They even made Liam Neeson look like George Peppard. How cool is that? And of course that's the classic van in the background. Even if this movie ends up being a mindless action flick, then it's still following in the footsteps of its originator and will likely make $100 million that weekend.
I just wonder if anybody is actually going to be shot and killed in the movie. It never seemed to happen during the television show. More importantly, will any of the original cast members make a cameo?
Well, at the very least, maybe it will finally bring bring celebrities to the studio.
NBC has given the big ol' emerald glo-stick to a remake of the movie Parenthood, a movie that they have already turned into a show.
The show is being produced by Imagine Entertainment, the Ron Howard company that produced and made the original movie. The network has asked for a pilot and former Friday Night Lights writer-executive producer Jason Katims will breathe life into it.
Actor Don Cheadle is making his return to TV land (remember him in Picket Fences?) under his production company, Crescendo Productions.
The deal is with Universal for two years. So far, no shows have been officially announced but he is expected to announce his starting lineup during the Television Critics Association's press tour.
It continues to look as if the movie industry has totally run out of ideas for new concepts to bring the $10 a ticket crowd into the theaters. Dipping its foot into the television pool once again, it was announced that Universal has cut a deal to promote Sid & Marty Kroftt's Sigmund and the Sea Monsters to the big screen. This will be the second Kroftt movie for Universal (another property, H.R. Pufnstuf, is with Sony). The first, Land of the Lost starring Will Ferrell, has completed filming and is set for release in June of 2009.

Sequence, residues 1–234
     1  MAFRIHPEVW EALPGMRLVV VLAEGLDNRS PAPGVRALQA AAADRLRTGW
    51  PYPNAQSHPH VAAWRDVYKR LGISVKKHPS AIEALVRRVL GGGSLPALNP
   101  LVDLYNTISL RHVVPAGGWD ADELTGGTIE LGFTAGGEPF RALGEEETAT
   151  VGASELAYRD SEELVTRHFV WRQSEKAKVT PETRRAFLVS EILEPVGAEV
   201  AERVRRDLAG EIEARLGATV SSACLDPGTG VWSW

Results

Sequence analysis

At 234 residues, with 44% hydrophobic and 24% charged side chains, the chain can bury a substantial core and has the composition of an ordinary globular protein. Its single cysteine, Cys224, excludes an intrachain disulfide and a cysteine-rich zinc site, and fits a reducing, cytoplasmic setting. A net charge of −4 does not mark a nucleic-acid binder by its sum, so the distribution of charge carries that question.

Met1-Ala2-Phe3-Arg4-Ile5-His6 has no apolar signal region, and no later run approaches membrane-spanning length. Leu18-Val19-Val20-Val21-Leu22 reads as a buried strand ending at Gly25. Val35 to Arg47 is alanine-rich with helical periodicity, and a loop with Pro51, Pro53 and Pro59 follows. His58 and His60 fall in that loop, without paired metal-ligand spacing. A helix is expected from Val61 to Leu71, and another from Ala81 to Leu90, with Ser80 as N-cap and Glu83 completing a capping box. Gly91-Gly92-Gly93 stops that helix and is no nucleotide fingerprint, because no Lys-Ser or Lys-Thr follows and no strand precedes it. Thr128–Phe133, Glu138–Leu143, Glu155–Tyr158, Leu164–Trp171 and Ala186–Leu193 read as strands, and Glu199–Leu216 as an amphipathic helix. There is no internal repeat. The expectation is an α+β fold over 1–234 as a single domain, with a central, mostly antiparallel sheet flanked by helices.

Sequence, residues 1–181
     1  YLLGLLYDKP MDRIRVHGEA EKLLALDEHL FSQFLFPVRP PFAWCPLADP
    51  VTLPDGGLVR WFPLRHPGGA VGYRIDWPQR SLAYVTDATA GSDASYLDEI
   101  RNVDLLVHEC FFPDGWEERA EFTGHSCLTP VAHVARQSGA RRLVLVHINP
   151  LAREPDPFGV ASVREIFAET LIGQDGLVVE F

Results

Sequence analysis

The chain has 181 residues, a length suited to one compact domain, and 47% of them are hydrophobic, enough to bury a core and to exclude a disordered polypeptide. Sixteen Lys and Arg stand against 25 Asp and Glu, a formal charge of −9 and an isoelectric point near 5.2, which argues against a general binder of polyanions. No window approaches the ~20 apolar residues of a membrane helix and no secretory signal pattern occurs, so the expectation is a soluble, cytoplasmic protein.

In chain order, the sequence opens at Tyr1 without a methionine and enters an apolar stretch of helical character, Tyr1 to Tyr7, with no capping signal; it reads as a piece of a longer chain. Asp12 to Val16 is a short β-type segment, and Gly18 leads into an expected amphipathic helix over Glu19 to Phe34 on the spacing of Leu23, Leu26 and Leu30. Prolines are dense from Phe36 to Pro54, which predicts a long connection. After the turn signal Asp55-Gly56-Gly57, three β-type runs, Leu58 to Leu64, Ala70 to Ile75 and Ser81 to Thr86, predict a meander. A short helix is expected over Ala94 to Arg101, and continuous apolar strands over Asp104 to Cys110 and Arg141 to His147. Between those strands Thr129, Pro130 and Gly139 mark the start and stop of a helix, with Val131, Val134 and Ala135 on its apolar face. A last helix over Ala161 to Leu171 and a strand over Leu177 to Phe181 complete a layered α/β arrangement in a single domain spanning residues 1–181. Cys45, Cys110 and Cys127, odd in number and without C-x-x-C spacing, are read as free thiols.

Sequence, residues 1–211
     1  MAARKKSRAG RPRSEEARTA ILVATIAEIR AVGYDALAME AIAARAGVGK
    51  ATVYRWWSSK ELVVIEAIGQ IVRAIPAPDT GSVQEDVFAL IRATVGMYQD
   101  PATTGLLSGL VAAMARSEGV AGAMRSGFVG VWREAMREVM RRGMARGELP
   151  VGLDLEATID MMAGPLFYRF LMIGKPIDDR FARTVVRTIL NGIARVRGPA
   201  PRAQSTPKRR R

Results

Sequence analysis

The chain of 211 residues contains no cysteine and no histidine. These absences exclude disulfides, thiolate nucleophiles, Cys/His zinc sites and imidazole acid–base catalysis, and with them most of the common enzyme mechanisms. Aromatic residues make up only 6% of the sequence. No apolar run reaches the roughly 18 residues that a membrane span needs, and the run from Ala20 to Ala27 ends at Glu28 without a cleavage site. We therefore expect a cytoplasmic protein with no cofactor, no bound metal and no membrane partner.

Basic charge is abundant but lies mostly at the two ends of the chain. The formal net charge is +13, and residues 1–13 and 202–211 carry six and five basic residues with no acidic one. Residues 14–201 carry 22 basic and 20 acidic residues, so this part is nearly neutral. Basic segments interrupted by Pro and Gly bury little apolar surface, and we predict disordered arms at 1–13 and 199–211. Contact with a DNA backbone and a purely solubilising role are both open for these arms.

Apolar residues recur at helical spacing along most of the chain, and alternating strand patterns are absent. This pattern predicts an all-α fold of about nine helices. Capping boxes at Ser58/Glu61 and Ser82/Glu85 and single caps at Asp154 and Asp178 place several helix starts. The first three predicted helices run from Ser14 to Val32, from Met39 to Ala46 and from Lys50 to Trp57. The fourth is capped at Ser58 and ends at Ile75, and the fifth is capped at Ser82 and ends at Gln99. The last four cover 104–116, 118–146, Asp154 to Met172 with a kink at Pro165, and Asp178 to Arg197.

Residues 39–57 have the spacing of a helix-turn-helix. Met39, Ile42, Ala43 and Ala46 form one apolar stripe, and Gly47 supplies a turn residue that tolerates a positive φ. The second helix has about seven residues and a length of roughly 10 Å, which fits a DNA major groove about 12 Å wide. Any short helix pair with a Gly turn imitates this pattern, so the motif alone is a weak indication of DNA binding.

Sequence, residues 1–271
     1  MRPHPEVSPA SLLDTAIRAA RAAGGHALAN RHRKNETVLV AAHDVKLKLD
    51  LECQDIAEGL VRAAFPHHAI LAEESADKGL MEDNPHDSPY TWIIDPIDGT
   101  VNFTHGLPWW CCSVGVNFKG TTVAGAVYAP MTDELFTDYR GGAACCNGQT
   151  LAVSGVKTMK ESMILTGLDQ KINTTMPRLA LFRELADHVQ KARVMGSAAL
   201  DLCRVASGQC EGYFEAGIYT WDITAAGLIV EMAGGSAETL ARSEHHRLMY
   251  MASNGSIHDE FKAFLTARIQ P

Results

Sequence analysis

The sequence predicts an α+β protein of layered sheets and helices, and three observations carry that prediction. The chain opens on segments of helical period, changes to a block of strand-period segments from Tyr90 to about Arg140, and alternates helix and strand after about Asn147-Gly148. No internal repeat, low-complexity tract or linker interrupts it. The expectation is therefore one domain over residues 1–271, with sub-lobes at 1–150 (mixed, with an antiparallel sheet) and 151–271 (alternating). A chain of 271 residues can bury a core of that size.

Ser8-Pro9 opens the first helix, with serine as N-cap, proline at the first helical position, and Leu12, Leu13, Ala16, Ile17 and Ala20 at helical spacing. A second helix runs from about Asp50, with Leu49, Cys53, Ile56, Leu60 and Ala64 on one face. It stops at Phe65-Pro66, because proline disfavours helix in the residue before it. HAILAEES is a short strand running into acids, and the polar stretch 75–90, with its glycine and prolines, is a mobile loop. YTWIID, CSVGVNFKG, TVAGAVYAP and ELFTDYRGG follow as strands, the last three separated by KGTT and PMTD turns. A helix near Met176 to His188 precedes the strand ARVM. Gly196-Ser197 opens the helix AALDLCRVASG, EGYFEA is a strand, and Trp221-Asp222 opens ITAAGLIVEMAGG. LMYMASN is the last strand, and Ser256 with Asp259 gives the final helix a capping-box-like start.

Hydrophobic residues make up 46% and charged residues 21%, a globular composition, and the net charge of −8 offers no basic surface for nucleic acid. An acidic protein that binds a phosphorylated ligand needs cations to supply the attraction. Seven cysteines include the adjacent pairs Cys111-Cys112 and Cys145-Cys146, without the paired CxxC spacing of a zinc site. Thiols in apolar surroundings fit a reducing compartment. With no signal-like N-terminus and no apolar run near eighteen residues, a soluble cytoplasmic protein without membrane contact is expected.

For those uninitiated to the golden age of Saturday morning programming, Sigmund and the Sea Monsters premiered on the NBC schedule during the 1973-74 season. It featured a friendly sea monster (played by Billy Barty) who was befriended by two human boys (one of them being Family Affair's Johnny Whitaker). The typical sitcomy plot usually involved Sigmund getting into some sort of trouble that alerted his sea monster brothers and mother (who lived in a nearby sea cave), and his human friends making sure he wasn't found out. It became the first Sid & Marty Kroftt production up to that time to be renewed for a second season.
So often the reading of the nominations is as dull as dishwater, like the stars doing the announcing are simply trying to get through it without tripping over their tongues. Not so with Chenoweth and Harris; they were delightful together and added a kick to the nomination announcement.
Universal Pictures will be adapting the 1999 BBC series Second Sight which launched the career of Clive Owen. It will be produced by Angry Film's Don Murphy and Susan Montford. The story is about a homicide detective named Ross Tanner who suffers from a degenerative eye illness that leads to blindness and hallucinations. As a result, he must rely more on his intuition to solve crimes.
There have certainly been any number of American adaptations of British shows over time. Some are good and some are utter crap. Second Sight does sound like a good premise (I've never seen the show), but I think the movie would have more credentials if they made sure to involve members of the original crew. I wonder if they'll get Clive Owen to reprise his role?
Allison Waldman: When Sex & the City ended, you didn't want to do the movie. Now it's done and it's a huge success.
Kim Cattrall: It's extraordinary. I look back four years ago when this was a runaway idea, I just did not feel ready to do it. We had reached such a high point, I wasn't sure I had anything else to say. I also had incredible personal challenges. My marriage was coming apart, also, my dad was diagnosed with dementia. I really needed a time out.
AW: How did the movie come back around?